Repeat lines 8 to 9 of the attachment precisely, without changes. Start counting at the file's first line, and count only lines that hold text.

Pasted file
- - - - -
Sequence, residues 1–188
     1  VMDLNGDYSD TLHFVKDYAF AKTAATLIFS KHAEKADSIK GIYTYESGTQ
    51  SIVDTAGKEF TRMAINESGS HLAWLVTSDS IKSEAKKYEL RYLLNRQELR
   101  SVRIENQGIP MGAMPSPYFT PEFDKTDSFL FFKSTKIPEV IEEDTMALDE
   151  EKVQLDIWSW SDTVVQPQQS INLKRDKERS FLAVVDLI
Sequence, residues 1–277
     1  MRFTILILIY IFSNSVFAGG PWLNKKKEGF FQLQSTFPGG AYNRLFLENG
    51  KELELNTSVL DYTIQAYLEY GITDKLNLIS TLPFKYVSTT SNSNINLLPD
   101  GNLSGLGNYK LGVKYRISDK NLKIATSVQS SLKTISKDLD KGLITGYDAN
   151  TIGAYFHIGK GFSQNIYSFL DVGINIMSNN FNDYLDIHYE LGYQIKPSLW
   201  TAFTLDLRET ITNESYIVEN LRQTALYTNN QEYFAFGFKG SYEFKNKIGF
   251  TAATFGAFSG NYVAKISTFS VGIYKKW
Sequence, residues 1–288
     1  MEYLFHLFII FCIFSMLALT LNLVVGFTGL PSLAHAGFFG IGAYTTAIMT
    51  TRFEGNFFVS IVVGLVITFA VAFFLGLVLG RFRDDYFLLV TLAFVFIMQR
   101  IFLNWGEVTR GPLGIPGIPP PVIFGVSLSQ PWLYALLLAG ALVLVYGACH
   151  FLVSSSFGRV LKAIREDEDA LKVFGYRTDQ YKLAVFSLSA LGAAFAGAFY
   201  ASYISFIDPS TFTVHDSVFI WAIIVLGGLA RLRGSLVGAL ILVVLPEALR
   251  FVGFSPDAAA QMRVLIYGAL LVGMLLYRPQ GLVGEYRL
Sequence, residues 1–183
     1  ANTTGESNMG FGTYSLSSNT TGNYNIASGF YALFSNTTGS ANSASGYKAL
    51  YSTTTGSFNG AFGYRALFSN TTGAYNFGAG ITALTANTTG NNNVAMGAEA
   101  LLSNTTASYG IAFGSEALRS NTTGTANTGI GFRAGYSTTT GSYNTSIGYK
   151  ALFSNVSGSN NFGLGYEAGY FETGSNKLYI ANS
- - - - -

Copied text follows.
    51  KELELNTSVL DYTIQAYLEY GITDKLNLIS TLPFKYVSTT SNSNINLLPD
   101  GNLSGLGNYK LGVKYRISDK NLKIATSVQS SLKTISKDLD KGLITGYDAN